'Cultural shame' is stopping Australia's migrants from getting help with ice addiction


EXCLUSIVE: Fawad Raoofi was once addicted to ice. Having now turned his life around and using his experience to help others, he says those facing language and cultural barriers need extra support.

For 31-year-old Fawad Raoofi, his addiction to the drug crystal methamphetamine (more commonly known as ice) was something he had to hide from his family.

“My family and my culture are a very proud culture, and drugs are something that creates shame,” he told SBS News.

After migrating from Afghanistan to Melbourne as a child refugee, Fawad says the strict traditions and family values his parents sought to impart on him and his sisters left him feeling isolated from Australian life.

“I first smoked ice when I was 17 years old, I was in Year 12 completing my VCE (Victorian Certificate of Education) … I was feeling a lot of pressure because of the academic pressure my parents put on me, I used to ease that pressure by taking drugs,” he said.

Fawad Raoofi
Fawad Raoofi says cultural shame kept him from seeking help.

Fawad is now clean and works as a volunteer counsellor, supporting others with addictions, but remembers when he hit rock bottom.

He became an ice addict and the problem meant he was unable to hold down a job and turned to crime to fund his habit, which had serious consequences.

Fawad spent a number of stints in prison between 2012 and 2015 for crimes involving theft and drugs, plus driving offences including one in which he endangered the life of a police officer.

It was in prison he realised he needed to turn his life around.

“I was sitting at Port Phillip prison and my sister and my mum came in for a visit. My sister quietly spoke to me, with my mum sitting in front of me, and told me that mum had been diagnosed with cancer in the bowels and she was going to die very soon,” he said.

“For me sitting in prison and feeling helpless ... not having any way out and feeling really guilty that I couldn’t be there and I couldn’t be a son, it had a really hard effect on me and that was when I made the decision to give up drugs.”

While illegal drug use remains largely taboo in many communities - not just migrant groups - Fawad says it is not something discussed by many in his community.

Such attitudes had previously prevented him from reaching out for help from relatives he respected due to fear of what they would say. He only got help after leaving prison and enrolling in a rehabilitation program.

Peter Doukas from FECCA highlighted the lack of culturally specific outreach and prevention services.

In a submission to a current New South Wales parliamentary inquiry into Ice use last week, the Federation of Ethnic Communities Councils of Australia (FECCA) highlighted the language barriers and lack of culturally specific outreach and prevention services for those from the migrant community vulnerable to drug harm.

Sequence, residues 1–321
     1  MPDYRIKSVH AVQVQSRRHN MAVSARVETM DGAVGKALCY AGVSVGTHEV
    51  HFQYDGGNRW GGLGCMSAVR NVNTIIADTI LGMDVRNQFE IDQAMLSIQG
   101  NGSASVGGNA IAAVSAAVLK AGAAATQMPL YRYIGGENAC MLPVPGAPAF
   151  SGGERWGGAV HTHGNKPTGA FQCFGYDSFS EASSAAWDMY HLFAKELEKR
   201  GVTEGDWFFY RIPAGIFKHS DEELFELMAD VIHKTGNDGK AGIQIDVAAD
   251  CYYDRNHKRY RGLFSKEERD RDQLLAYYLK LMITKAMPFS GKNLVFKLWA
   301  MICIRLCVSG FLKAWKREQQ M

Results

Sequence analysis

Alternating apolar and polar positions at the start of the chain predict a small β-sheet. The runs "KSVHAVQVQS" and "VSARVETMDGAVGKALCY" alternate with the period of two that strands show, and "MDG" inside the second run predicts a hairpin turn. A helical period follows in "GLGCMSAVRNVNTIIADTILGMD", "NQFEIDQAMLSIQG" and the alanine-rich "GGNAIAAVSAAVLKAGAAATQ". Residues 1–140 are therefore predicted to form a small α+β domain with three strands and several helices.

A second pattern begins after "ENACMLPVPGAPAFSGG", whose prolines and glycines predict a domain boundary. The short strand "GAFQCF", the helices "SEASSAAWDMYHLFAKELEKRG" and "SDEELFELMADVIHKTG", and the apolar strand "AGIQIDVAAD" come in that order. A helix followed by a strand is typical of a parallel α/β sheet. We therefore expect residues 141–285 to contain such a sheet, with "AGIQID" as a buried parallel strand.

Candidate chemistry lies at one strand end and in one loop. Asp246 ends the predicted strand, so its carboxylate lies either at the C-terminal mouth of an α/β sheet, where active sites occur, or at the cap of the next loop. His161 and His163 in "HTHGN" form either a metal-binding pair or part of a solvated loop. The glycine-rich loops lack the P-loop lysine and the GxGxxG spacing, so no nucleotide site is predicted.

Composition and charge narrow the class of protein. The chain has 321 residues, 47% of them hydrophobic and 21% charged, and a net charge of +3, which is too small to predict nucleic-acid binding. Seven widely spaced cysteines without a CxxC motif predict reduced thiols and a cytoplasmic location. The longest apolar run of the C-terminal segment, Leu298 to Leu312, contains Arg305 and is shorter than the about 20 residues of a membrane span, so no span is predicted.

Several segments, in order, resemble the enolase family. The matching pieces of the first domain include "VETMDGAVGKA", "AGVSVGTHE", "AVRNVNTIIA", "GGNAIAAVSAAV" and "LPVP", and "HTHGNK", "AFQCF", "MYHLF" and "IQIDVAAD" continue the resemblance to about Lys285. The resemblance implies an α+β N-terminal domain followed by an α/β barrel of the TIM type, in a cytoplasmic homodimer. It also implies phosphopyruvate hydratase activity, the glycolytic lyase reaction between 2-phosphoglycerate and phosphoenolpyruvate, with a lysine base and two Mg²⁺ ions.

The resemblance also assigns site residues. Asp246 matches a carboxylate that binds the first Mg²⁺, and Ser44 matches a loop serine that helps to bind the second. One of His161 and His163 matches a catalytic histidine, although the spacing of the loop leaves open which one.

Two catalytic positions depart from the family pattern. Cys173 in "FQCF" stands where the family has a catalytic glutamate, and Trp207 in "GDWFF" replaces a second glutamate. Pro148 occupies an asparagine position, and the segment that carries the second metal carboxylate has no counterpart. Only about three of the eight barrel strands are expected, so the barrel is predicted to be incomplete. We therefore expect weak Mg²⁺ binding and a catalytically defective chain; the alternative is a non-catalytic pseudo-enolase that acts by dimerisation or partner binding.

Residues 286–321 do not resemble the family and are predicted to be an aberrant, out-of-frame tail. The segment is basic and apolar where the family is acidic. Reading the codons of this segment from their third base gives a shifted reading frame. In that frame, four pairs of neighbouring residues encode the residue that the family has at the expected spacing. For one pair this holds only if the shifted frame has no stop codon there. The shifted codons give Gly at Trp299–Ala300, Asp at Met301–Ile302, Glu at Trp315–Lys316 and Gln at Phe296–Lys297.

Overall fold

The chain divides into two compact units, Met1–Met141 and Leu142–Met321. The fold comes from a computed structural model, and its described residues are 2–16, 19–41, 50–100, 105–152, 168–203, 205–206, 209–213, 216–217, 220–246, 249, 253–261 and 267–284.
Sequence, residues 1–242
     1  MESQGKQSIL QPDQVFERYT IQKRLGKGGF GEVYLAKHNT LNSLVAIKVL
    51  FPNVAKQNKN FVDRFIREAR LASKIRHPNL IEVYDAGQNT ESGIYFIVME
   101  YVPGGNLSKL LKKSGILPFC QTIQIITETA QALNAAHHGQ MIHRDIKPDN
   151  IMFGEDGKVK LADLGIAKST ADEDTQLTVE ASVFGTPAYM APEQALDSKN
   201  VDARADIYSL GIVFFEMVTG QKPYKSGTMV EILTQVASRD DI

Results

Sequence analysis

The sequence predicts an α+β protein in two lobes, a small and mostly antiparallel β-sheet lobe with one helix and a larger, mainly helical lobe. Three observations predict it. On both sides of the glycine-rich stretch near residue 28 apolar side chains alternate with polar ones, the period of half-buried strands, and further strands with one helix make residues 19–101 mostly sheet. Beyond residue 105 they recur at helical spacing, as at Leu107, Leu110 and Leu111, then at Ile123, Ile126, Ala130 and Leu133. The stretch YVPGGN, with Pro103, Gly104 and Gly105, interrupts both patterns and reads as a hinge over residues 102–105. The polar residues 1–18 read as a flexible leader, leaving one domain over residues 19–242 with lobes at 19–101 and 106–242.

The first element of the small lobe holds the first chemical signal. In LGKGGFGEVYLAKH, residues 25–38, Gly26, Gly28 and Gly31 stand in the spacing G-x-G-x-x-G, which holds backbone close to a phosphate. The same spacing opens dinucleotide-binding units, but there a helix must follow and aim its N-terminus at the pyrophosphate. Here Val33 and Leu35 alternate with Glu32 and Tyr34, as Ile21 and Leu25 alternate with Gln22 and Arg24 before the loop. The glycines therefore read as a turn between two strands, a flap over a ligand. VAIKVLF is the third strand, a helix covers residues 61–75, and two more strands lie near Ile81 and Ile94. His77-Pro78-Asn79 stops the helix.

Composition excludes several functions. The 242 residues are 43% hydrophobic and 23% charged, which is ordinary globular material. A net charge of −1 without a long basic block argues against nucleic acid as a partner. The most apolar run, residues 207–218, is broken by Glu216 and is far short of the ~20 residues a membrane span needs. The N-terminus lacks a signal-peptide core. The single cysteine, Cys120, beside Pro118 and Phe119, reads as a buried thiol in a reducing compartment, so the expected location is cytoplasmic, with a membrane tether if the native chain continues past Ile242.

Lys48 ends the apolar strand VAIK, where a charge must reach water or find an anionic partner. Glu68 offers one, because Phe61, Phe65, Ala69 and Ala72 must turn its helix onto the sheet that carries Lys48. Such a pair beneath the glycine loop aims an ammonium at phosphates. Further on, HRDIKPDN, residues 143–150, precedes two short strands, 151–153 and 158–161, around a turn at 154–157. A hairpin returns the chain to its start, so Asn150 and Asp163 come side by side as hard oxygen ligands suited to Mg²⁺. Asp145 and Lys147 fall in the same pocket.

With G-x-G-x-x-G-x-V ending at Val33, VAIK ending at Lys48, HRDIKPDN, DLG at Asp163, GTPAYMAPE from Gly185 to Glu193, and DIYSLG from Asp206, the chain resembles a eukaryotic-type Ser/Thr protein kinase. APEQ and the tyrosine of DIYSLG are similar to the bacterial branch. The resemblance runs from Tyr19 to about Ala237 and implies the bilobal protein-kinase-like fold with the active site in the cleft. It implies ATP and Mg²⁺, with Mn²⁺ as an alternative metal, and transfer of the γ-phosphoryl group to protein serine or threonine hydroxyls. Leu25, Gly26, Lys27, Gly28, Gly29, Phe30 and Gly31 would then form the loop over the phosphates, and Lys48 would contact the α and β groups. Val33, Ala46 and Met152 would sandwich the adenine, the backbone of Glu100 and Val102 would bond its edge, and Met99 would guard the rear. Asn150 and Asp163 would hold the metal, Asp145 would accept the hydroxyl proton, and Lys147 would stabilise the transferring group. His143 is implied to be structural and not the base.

“All the challenges that migrants normally face in Australia; language, health services and integration into the Australian community, are expanded when you add something as dangerous as the ice epidemic,” FECCA's Peter Doukas told SBS News.

All the challenges that migrants normally face in Australia are expanded when you add something as dangerous as the ice epidemic.

- Peter Doukas, FECCA

Professor Frances Kay-Lambkin, a drug researcher at the University of Newcastle who has 20 years' experience in the sector, agrees there needs to be more targeted services available to minority communities.

“It needs to go beyond literal translation of our English based material into different languages … we also need that extra funding to really help understand how we can build up those communities to better access those treatments once they are available,” she said.

New beginnings

Fawad has been in recovery for about four years and recently moved to the rural Victorian city of Ballarat.

He has since completed a diploma in drug and alcohol counselling and volunteers for a number of organisations, including a peer support group for drug users.

Fawad Raoofi
Fawad Raoofi has been in recovery for four years after turning his life around.

He says he was proud his mother got to see him get clean before she died last year.

“It was really emotional for me being able to be present leading up to my mum’s passing and at my mum’s funeral. One of the things that kept me clean and on the straight and narrow was the thought of having to bury my mum and her not seeing me get clean,” he said.

One of the things that kept me clean and on the straight and narrow was the thought of having to bury my mum and her not seeing me get clean.

- Fawad Raoofi 

He says his life now involves much more giving back to the community and acknowledges there is hope for others like him whose lives have been taken over by drug use.

“My personal experience has taught me that no matter what, to keep trying, to keep reaching out and asking for help, and there is more help out there than I knew even existed,” he said.

“It's taught me that because I’ve done a few really bad things in my life, I’m not a bad person and I don’t need to keep doing really bad things. There is a point in my life where I can start doing good for the world. And that I’m worthy, I’m worthy of love, I’m worthy of nice things and me being me is enough for this world.”

For free and confidential advice about alcohol and other drugs, call the National Alcohol and Other Drug hotline on 1800 250 015.

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